Chuck Darrow of the Courier-Post in New Jersey has an interesting commentary on the casual use of the phrase "White Trash." He suggests that if we have the good taste and sensitivity to avoid ethnic slurs - from the N-word on - then we really should avoid using White Trash as well. "I truly cringe every time I hear or see "white trash" tossed around so blithely," he writes.
But I wonder. I think it may have been Cornel West who pointed out that it is essentially impossible to malign those at the top of the social and power structure with the same vicious effect as you can denigrate those at the bottom - "Honky" and "cracker" simply cannot, and never will, carry the same power to shock and horrify as their equivalent slurs on blacks, Asians, Hispanics, the disabled, or anyone else at a significant social and economic disadvantage. In fact, if anything, such a term is almost comical because it is so fundamentally empty in its attempt to undercut the dominant social class.
But I think Darrow misses an even more important semantic distinction between "White Trash" and any even remotely comparable ethnic slur. Here is a letter I dashed off to the Romenesko journalism site, which links Darrow's column today:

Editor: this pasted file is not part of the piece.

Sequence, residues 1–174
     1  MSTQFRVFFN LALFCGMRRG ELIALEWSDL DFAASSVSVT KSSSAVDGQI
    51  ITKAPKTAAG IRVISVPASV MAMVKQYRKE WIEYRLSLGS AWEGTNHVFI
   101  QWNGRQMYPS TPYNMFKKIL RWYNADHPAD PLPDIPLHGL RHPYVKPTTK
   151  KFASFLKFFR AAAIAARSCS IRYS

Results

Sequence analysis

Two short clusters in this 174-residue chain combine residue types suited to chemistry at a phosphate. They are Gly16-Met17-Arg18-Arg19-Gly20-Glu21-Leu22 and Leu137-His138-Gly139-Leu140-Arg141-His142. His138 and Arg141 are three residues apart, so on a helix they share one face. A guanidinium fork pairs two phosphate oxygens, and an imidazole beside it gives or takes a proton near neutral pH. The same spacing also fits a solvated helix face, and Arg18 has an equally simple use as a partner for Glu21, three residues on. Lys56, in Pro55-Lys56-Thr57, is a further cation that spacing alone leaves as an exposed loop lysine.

While it is true that "White Trash" can be taken as fighting words in my native South, I think Chuck Darrow of the Courier-Post is way off base in equating the term so closely with an ethnic slur of the same caliber as the infamous "N-word." The phrase "White Trash" suggests a class or economic distinction that, however great the implied difficulty, can be corrected by education, hard work, and, ultimately of course, money. As such, it can't possibly deliver the same pain as a word that dismisses someone as irredeemably inferior - that attacks the very humanity of the person described - no matter his economic, social or educational accomplishment. I think Chuck Darrow's outrage at the use of the phrase is both unnecessarily thin-skinned and considerably misplaced as a social and historical matter.
Am I wrong here?